She turned around, and Ed could see that she was trembling with a great sort of excitement. She looked up at him, and her eyes were swimming with moisture. "I knew it!" she said, almost to herself. "I knew I couldn't lose!"

She gave him a happy smile, pushed through the crowd, and went out into the street, followed by the envious glances of the less fortunate machine players. Ed was intrigued by the whole thing. The girl was so very evidently laboring under a terrific strain of some kind; it was quite chilly tonight, yet she wore nothing but a bathing costume that afforded her practically no protection.

He followed her out of the store. She was walking rapidly down Washington. Ed smelled activity, and he felt strangely elated. Here was mystery of some sort. And where there was mystery, you couldn't keep Ed away. He juggled revolvers on the stage for a living—a very good living. He was headlined from coast to coast as the Masked Marksman: "The Man Who Can Make Guns Talk." On the stage he performed feats of acrobatics and marksmanship that left the audience breathless at his sheer skill, the absolute mastery of the six forty-five caliber hair-trigger revolvers which were the props of his act.

Off the stage, he always carried two of those revolvers in the twin holsters under his arms. And his constant seeking after mystery and danger had often placed him in spots where he had all the need of the magic skill with firearms which he had developed in his years on the stage. For Ed needed excitement and danger the way the average man needs sleep. He dabbled in criminology the way other men might collect postage stamps and first editions. He had licenses in a dozen states to operate as a private detective, and his true name was known and feared in the underworld as much as his stage name was known and admired by the theater-going public all over the country...


HE could see the girl now, heading south on Washington. His Drive-It-Yourself car, which he was going to turn in before taking the train, was parked at the curb. He hesitated a moment, debating whether to use the car or follow her on foot, and in that second of hesitation he felt his elbow gripped tight, turned to see a sallow faced, narrow eyed man in a palm beach suit. The man wore a pearl-gray fedora, had an expensive diamond in the white tie which rested on his black silk shirt. He was narrow shouldered and narrow-waisted, and his lips were thin, stretched in a tight smile.

"I'd leave that girl alone, mister, if I were you!"

Ed started to twist his elbow out of the man's grip, but he suddenly felt something poked into his ribs on the other side. He stiffened, turned his head. Another man stood at his left, close to him. This man wore gray pants and a blue jacket. He had no hat, and black hair was combed sleekly back from a low forehead. His face was square, hard featured, and he held his left arm crossed over his stomach so that his left fist, with what he held in it, was jabbing Ed's side. Ed looked down, and saw the shimmering barrel of a gunmetal automatic in that fist. He raised his eyebrows.

The man with the automatic said: "That's good advice—what my friend gave you. You goin' to take it? Or do we take you?"

"Take me where?" Ed asked innocently.

"For a ride, guy, for a ride! Are you a sap? Don't you recognize the real business when you see it?"

Ed said dryly: "Yeah. I recognize the real business. What's the idea?" As he spoke he glanced furtively down Washington, made out the figure of the girl, more than a block away.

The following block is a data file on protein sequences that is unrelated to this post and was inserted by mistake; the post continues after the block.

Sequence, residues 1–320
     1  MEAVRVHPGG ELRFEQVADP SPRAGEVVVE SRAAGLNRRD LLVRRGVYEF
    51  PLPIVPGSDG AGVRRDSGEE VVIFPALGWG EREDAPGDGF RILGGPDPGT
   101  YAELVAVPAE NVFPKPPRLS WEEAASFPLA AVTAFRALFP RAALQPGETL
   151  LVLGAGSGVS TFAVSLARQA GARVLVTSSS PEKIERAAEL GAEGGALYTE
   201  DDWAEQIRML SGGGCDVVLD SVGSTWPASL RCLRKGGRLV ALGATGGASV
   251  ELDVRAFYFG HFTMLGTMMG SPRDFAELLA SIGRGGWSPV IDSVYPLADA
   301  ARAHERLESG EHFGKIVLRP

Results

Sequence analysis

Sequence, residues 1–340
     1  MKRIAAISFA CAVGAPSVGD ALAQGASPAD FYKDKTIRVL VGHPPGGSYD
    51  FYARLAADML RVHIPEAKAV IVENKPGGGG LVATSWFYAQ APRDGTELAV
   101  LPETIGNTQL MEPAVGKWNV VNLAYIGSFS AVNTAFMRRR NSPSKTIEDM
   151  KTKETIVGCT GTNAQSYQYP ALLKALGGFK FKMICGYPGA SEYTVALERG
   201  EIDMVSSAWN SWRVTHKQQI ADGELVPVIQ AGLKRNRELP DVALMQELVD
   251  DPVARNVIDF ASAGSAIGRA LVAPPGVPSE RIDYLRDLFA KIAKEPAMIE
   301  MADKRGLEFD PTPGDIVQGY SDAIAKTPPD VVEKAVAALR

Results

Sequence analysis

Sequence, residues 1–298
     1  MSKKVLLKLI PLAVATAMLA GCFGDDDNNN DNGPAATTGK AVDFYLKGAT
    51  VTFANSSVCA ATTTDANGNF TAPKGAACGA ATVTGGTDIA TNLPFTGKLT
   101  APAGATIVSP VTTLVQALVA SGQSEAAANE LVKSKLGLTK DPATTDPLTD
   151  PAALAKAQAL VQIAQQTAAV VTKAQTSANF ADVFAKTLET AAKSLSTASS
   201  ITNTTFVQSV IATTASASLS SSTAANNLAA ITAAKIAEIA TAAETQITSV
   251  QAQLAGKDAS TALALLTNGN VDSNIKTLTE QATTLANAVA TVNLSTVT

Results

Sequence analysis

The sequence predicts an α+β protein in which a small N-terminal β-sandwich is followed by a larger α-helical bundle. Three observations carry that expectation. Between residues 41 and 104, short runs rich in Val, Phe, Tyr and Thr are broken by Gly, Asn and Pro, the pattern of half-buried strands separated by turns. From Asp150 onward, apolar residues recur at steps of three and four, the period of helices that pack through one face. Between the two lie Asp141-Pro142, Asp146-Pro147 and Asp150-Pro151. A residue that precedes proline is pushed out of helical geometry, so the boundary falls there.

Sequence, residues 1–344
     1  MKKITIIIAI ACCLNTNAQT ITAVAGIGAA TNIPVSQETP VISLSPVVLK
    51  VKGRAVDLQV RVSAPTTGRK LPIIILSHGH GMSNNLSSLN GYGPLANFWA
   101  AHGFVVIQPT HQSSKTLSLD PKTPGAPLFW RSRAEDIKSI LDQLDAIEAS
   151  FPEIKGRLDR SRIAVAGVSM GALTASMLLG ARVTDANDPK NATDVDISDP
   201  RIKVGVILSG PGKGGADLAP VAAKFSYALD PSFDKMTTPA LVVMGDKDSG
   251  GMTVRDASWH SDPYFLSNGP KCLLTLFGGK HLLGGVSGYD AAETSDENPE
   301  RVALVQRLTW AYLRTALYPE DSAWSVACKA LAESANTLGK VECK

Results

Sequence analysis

The man with the gun said tightly: "The idea is, we're kind of in a hurry, so you get a break. Scram, don't bother with that dame any more, and forget about this. Your health will be a whole lot better that way. Talk quick—yes, or no?"

Ed looked down at the gun, sighed: "Your argument is very forceful. I guess it ought to convince me."

The sallow man on the other side chuckled. "Smart man. Now you start taking a walk. Goodbye—and try to have a short memory."

Ed said: "Goodbye," and started to walk in the opposite direction from that taken by the girl, but toward his car. He heard the sallow man say to his companion: "Come on, Gilly. There won't be no trouble with him. He just got talking to her by accident—like I thought."

Ed walked down a little further, turned the corner, and then ducked into an alley that led him back to a second alley just behind the drug store. He poked his head out; saw the two men hurrying down Washington. He sprinted out, got into his car, backed, it away from the curb, made a complete turn in Washington in defiance of the traffic regulations of the City of Miami Beach, and raced the car after them. He passed the two men, but they didn't know it. They were walking very fast, their hands in their pockets, and their faces grim. Two blocks further down Ed spied the girl. She was just turning left off Washington, and he came up to the corner, made the left turn, too, crept along after her.

Looking back in the rear view mirror, he saw Gilly and the sallow man also turning the corner. The girl turned right on Ocean Drive, and then stopped before a doorway with a staircase leading upstairs from the street level. The sign outside the building which she entered read: Parker's Beach Casino.

Ed knew Parker's. It was a recently opened gambling room, set up in haste to catch some of the easy money from the spendthrift throngs that had flocked south this year. Parker controlled all the gambling and slot machine activities in Southern Florida. In this place he had installed roulette wheels, a blackjack layout and three dice tables. He also made book on the horse and dog races, and the jai alai games. There were no costly or elaborate decorations here, for the casino was in the cheaper section of Miami Beach, right around the corner from the Burlesque Theatre Pier. Along the street here, there were frankfurter stands, penny gambling stores, a second-rate boxing casino, and a couple of third-rate restaurants. The section was reminiscent of Coney Island's Bowery at its poorest. And it was here that this half-clad girl with the frightened eyes had come!